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HBOS & BHS audit investigations launched

The UK’s Financial Reporting Council (FRC) has launched two separate audit investigations,one into KPMG’s audit of HBOS in 2007 and secondly PricewaterhouseCoopers audit of BHS in 2014 – under its accountancy scheme which it allows it to take disciplinary action against members of the profession.

The investigation into KPMG has been instituted by the FRC’s conduct committee following preliminary enquiries by the executive counsel that began in January following the publication of the report into the HBOS collapse by the Prudential Regulatory Authority and the Financial Conduct Authority.

The enquiry will consider relates to the extent to which KPMG  during the course of their audit of HBOS considered the appropriateness of management’s use of the going concern assumption in the preparation of the financial statements for the year ended 31 December 2007; and considered whether there were material uncertainties about the entity’s ability to continue as a going concern that needed to be disclosed in the financial statements. HBOS was subsequently bought by Lloyds as the banking crisis took hold in 2008.

KPMG was HBOS’s external auditor from the company’s creation in 2001 until the end of 2008. The PRA/FCA report showed how a number of factors – including its rapid expansion, exposure to lower quality lending and large loans to a small number of entrepreneurs  – led to the annual report and accounts for the year ending 31 December 2007 (published early 2008) showing a  a profit before tax of £5.5 billion and the annual report and accounts for the year ending 31 December 2008 (published in 2009) showing a loss of £11 billion. The deterioration in the quality of HBOS’s loan book and the speed with which it all happened, are a notable part of the HBOS story, the report stated.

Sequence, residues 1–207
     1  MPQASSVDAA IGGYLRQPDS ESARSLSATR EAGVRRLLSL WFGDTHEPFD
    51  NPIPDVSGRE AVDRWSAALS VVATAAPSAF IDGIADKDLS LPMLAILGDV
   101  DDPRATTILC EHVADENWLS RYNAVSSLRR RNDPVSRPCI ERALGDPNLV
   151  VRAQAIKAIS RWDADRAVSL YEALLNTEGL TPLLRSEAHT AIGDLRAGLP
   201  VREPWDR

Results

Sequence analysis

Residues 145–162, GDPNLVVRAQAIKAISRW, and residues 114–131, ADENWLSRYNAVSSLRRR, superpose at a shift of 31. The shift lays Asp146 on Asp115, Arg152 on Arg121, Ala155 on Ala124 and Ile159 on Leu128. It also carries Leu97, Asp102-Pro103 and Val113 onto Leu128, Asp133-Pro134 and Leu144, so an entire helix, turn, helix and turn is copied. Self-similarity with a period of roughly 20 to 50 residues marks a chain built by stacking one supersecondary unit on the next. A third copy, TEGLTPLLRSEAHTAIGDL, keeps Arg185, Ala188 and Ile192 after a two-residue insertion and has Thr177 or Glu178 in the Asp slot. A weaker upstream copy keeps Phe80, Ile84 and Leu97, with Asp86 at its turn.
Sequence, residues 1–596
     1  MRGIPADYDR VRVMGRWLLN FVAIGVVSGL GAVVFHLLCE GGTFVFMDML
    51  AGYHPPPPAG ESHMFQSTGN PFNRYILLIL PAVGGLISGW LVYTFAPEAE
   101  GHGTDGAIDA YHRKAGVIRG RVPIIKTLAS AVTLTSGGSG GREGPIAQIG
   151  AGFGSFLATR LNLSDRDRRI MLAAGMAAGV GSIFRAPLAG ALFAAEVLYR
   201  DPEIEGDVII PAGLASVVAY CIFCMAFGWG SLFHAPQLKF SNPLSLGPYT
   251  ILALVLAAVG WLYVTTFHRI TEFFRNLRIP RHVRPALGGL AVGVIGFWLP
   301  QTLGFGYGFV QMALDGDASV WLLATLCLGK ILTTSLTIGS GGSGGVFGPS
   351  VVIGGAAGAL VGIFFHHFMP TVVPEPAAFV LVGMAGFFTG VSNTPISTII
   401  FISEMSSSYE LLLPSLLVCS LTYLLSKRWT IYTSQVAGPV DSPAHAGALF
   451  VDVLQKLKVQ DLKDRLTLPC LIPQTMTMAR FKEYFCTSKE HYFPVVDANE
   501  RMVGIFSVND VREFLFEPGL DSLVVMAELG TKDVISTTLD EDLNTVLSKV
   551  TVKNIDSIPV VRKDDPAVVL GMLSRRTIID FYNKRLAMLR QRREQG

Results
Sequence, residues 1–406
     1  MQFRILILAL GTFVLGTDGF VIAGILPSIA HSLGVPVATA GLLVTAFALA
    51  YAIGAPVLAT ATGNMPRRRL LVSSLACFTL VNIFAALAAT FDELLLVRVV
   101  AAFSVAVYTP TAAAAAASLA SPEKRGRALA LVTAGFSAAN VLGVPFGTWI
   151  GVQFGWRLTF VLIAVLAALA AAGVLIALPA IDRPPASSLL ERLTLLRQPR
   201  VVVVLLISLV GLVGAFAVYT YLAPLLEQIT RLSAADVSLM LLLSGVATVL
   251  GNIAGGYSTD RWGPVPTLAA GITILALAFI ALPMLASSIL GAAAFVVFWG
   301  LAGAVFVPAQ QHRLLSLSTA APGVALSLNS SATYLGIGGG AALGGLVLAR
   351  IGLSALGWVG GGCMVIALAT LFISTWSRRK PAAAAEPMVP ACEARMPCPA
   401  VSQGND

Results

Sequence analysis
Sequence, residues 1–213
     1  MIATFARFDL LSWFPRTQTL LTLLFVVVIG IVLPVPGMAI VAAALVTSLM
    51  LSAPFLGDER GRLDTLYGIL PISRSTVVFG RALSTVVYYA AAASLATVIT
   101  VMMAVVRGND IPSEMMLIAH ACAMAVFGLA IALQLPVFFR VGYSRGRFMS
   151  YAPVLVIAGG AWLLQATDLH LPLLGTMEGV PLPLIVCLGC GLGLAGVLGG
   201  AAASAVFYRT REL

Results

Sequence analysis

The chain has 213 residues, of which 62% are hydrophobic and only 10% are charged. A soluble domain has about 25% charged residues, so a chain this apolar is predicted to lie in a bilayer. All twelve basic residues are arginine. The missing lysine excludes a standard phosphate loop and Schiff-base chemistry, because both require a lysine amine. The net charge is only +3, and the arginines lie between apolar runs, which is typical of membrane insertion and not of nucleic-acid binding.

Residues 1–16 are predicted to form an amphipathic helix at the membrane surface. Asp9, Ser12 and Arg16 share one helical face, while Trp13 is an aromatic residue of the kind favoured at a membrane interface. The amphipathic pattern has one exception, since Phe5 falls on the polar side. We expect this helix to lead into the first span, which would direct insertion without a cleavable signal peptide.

The FRC will also investigate the conduct of PricewaterhouseCoopers in relation to the audit of the financial statements of BHS for the year ended 30 August 2014. The retailer BHS went into administration in April this year and no buyer has been found for the business.

A member or a member firm can be investigated by the FRC where, in the opinion of its conduct committee the matter raises or appears to raise important issues affecting the public interest in the UK and there are reasonable grounds to suspect that there may have been misconduct or it appears that the member or member firm has failed to comply with any of his or its obligations under the scheme rules.

What do you think?